A Quarter of U.S. Energy Production Shut as Hurricane Sally Inches Towards Landfall

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September 15, 2020

At 1 p.m. CDT, the center of Hurricane Sally was located about 60 miles (95 km) east of the mouth of the Mississippi River and about 105 miles (165 km) south of Mobile, Alabama. Image courtesy NOAA/GOES

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By Erwin Seba HOUSTON, Sept 15 (Reuters) – More than a quarter of U.S. offshore oil and gas production was shut and key exporting ports were closed on Tuesday as Hurricane Sally churned off the U.S. Gulf Coast, flooding coastal cities and pelting states with heavy rains.

Sally continued to weaken Tuesday afternoon to a Category 1 hurricane on Tuesday and largely stalled offshore with sustained winds of 80 miles per hour (128 kph). It is expected to bring life-threatening flooding through Wednesday from Mississippi to Florida, the U.S. National Hurricane Center said.

The storm’s trajectory takes it through the prime U.S. offshore production areas on a path toward western Alabama, sparing some larger Gulf Coast refineries from high winds.


Royal Dutch Shell said it shut its Appomattox oil platform about 80 miles off the coast of Louisiana, joining BP , Chevron Corp and Equinor in closing facilities less than one month after Hurricane Laura forced up to 1.5 million barrels per day of output to close temporarily.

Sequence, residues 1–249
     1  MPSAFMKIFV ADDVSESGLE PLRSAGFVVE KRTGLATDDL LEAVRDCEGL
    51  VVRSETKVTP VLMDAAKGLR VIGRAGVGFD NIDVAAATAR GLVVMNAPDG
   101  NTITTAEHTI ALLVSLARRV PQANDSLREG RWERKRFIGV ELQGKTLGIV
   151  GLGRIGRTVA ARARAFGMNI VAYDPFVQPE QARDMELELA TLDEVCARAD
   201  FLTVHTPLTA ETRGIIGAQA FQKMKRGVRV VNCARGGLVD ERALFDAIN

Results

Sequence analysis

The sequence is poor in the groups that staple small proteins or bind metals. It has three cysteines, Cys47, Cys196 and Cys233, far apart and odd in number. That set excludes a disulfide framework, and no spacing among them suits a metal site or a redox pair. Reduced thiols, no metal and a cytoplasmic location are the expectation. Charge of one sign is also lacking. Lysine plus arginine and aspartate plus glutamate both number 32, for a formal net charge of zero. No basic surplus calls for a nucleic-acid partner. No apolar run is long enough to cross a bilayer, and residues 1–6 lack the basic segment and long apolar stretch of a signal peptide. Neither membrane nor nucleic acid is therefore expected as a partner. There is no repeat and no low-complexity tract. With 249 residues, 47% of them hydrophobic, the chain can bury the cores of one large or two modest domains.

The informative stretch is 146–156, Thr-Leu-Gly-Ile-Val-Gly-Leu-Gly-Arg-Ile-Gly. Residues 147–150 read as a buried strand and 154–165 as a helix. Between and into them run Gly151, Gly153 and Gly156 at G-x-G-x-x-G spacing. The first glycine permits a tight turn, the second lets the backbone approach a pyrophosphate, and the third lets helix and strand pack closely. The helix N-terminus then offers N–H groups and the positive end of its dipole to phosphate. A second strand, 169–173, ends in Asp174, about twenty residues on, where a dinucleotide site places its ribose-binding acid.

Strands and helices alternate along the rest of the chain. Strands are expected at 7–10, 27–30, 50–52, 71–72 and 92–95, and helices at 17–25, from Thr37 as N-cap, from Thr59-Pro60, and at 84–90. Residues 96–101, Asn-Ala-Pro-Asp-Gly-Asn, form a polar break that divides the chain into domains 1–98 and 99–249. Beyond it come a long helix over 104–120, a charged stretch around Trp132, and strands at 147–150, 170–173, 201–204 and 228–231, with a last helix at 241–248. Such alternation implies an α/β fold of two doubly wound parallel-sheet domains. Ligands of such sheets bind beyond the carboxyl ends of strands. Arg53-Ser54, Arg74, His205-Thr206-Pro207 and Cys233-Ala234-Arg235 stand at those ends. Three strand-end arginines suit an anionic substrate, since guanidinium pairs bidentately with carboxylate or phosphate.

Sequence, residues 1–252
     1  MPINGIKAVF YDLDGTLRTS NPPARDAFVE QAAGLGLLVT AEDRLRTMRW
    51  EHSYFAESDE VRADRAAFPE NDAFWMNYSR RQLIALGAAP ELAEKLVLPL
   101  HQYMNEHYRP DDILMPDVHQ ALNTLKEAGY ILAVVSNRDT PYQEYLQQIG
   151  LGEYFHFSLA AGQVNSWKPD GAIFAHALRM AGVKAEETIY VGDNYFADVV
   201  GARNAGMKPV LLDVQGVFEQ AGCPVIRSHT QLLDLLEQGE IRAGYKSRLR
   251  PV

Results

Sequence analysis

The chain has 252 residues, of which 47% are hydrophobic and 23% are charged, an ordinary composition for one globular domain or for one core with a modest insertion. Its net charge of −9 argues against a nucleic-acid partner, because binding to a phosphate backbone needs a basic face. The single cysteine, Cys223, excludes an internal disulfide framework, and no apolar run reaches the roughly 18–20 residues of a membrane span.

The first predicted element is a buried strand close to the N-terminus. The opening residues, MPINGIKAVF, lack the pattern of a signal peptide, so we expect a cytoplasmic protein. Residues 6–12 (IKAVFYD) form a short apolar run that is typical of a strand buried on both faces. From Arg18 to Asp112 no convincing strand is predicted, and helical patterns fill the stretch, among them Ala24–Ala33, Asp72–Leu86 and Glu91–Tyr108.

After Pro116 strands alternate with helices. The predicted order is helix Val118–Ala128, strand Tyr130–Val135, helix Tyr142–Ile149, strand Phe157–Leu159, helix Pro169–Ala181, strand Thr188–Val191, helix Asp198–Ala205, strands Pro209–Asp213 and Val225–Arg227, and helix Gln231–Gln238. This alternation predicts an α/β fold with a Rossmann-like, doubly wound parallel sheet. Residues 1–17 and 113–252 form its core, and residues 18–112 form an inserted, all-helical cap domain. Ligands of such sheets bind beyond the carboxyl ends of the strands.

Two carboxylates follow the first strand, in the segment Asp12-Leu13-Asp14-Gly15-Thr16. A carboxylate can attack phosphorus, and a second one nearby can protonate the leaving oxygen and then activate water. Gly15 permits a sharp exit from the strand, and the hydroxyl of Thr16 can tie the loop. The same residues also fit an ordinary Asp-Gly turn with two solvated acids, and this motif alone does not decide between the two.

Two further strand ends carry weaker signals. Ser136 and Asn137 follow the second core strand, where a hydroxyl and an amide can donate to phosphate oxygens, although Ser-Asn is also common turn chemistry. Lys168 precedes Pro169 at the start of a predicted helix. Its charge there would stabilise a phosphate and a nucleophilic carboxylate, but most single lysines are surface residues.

Nearly 500,000 bpd of offshore crude oil production and 28%, or 759 million cubic feet per day (mmcfd), of natural gas output were shut in the U.S. Gulf of Mexico, according to the U.S. Interior Department.

U.S. crude oil futures rose nearly 3% and gasoline futures climbed 2.2% on Tuesday on the hurricane-related oil production and refinery shut-ins despite demand losses from the COVID-19 pandemic.

The nation’s sole offshore terminal, the Louisiana Offshore Oil Port (LOOP), stopped loading tankers on Sunday, while ports from the lower Mississippi River east to Pensacola, Florida, were closed. That will cut off roughly 307,000 bpd of crude and 411,000 bpd of refined products, according to Kpler data.

As of 1 p.m. CDT (1800 GMT) on Tuesday, Sally was about 105 miles (165 km) south of Mobile, Alabama, and crawling toward the northwest at 2 mph (3 kph).

Refiners in the region have wound down operations. Phillips 66 shut its Alliance oil refinery, which processes 255,600 bpd at a site along the Mississippi River on the coast of Louisiana.

Shell cut production to minimum rates on Monday at its 227,400-bpd Norco, Louisiana, refinery.

However, Murphy Oil Corp said it was beginning to restore production at its eastern-most Gulf of Mexico oil platforms, and Equinor said it expected to return workers to its Titan platform on Thursday.

(Reporting by Erwin Seba, Gary McWilliams in Houston and Devika Krishna Kumar in New York; Editing by Marguerita Choy and Jason Neely)

(c) Copyright Thomson Reuters 2020.

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